Yesterday a few of our bloggy friends around town flagged a spiffy infographic created by the online real estate service Trulia which presents a block-by-block picture of residential real estate prices for all of San Francisco. In general, the map has been described as something of a metaphorical “bloodbath,” because a) the infographic shows that rental prices are generally very high in San Francisco and b) the infographic represents these high rental rates via deep shades of red.
Yet when we zoom and enhance the Bernal Heights portion of the map, we see that the picture in our neighborhood is marginally less depressing for would-be renters. That’s because much of central Bernal is orange-colored, which means that rental prices there are somewhat lower, clocking in at “only” $1400-ish per bedroom.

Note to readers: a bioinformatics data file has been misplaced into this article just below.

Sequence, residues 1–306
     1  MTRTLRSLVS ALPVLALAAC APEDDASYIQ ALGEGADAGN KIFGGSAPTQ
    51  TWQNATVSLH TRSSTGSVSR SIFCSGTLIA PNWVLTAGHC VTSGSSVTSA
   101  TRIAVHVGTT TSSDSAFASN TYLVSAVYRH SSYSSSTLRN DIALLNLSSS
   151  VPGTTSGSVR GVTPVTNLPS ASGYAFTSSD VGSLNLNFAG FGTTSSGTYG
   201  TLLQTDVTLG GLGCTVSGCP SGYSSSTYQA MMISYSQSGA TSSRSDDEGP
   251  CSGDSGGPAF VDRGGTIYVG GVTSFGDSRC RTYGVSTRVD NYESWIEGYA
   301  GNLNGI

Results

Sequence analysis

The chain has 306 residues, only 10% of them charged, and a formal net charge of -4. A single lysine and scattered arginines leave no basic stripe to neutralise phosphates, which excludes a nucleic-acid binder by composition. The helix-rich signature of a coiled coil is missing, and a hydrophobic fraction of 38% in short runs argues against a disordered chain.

CurbedSF calls out some wonkiness in Trulia’s price calculation methodology:
As noted in Trulia’s disclaimer about their methodology, the price-per-bedroom index low-balls the average prices for the most common units on the market today – studios and one-bedrooms. Smaller units are rarely priced in proportion to larger units with more bedrooms (meaning that in a neighborhood where a three-bedroom rents for $3,600/month, it’s rare that you can get a one-bedroom for as little as $1,300/month). But this type of index does provides a great reminder of what kind of price tag larger units entail.
Indeed. While imperfect, the map the virtue of at least being consistent, so it introduces some potentially interesting and/or useful geographic granularity to our understanding of Bernal’s residential rental market.